dejaentendonot9: There are a few different explanations for this, depending on what the circle is made of. Ants will get trapped in chalk and baking soda circles, as well. A big contender is that ants travel largely by a scent trail left behind by other ants. If you watch ants coming for pieces of food left on the floor or the sidewalk, you’ll see that they take the same route. A circle made of something like ink or sodium bicarbonate or chalk can disrupt this scent trail and cause almost a wall of sorts.
WRSaunders: The ink has a solvent in it and the ant doesn’t want to get solvent on itself. It’s feelers detect it is getting close to the solvent, so it turns.
FlyingWolfAngel: Red inked pens and termites is a good example of the ink having a chemical in it that mimics termite follow pheramones. Its really cool to make termites do figure eights…not that i have ever done this…..noooooo (/s)
screennameoutoforder: Ants are not smart. Not even close. Imagine they’re like toy robots.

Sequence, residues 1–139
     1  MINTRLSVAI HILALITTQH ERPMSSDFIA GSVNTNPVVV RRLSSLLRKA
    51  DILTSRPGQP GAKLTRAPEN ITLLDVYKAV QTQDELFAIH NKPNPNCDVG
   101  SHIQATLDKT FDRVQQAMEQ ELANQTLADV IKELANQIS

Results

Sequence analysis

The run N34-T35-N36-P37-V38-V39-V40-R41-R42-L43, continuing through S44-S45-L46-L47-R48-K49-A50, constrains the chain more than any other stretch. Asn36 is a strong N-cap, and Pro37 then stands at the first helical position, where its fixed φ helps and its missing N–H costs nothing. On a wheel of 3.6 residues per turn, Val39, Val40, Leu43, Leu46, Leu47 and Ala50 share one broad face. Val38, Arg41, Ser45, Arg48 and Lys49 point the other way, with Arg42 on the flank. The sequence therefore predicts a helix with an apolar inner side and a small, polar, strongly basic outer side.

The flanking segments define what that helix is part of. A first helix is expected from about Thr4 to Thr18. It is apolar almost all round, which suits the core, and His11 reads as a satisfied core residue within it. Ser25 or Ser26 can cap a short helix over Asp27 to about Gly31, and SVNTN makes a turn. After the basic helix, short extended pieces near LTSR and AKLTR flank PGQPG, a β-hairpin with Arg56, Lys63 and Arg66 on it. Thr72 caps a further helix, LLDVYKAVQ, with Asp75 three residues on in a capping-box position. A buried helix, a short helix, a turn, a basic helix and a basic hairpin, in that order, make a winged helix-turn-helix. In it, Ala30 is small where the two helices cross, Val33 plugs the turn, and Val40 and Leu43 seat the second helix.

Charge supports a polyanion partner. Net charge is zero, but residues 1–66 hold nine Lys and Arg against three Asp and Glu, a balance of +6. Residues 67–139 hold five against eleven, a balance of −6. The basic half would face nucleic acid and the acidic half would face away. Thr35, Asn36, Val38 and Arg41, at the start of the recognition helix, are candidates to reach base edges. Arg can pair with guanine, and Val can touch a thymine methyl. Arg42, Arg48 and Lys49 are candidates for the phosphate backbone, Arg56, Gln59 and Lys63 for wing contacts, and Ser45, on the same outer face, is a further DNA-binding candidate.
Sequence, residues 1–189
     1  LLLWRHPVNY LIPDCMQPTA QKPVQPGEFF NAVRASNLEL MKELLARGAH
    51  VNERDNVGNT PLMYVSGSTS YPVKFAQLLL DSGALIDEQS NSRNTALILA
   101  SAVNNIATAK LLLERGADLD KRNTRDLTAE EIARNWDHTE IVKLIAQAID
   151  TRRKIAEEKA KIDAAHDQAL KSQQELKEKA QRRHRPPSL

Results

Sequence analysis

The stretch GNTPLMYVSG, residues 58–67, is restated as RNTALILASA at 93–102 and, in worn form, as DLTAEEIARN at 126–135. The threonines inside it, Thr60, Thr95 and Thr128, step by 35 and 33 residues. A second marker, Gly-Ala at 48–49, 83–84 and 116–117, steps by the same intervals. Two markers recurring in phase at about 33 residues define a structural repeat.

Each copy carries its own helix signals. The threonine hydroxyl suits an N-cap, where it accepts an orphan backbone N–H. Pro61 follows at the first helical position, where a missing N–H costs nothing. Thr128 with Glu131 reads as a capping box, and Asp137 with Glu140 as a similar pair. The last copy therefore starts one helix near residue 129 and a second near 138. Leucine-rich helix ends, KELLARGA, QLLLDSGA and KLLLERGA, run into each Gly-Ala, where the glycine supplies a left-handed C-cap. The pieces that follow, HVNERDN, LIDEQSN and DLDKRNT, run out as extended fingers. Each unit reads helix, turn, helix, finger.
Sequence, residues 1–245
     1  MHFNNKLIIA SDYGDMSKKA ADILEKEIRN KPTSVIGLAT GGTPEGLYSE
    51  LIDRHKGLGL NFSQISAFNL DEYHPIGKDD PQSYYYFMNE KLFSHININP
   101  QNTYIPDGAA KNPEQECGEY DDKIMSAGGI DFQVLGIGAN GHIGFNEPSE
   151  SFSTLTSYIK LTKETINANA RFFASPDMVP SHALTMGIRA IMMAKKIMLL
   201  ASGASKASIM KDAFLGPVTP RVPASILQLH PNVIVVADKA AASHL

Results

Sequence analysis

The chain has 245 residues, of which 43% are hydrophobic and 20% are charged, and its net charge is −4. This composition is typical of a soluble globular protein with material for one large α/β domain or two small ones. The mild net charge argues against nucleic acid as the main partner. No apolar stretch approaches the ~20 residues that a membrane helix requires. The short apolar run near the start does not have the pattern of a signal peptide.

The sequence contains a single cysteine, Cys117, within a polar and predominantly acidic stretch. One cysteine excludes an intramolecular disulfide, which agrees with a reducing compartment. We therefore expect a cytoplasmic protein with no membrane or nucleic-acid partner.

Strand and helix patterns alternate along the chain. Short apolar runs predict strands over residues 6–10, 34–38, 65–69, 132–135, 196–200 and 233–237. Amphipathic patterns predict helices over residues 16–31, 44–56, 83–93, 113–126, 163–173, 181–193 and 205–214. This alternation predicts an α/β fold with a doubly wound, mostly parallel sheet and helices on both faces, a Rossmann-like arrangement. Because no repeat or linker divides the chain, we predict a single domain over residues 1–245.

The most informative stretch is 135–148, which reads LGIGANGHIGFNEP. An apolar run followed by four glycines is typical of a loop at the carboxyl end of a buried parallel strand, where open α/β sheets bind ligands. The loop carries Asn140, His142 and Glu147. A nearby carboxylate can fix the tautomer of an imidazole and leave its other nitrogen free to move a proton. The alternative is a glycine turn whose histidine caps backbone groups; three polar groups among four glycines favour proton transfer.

They follow smells. The first workers to find food bring some back to the colony. They lay down a trail of smell. The next workers follow that smell trail and lay down their own. That’s how mistakes like this happen. https://youtu.be/N0HoqjxfvJ4
A pen’s ink is a mixture of chemicals. Some evaporate very quickly and also can dissolve other chemicals. If you were an ant, that line of pen would smell very strongly. Possibly strong enough to hide or break the smell of the correct trail.
By the way, chalk can have a different effect. Diatomaceous powder can kill insects. Chalks are similar. And many ‘ant’ chalks from China have real insecticides in them. So with chalk, and especially ant chalks, the insects might be avoiding something really noxious.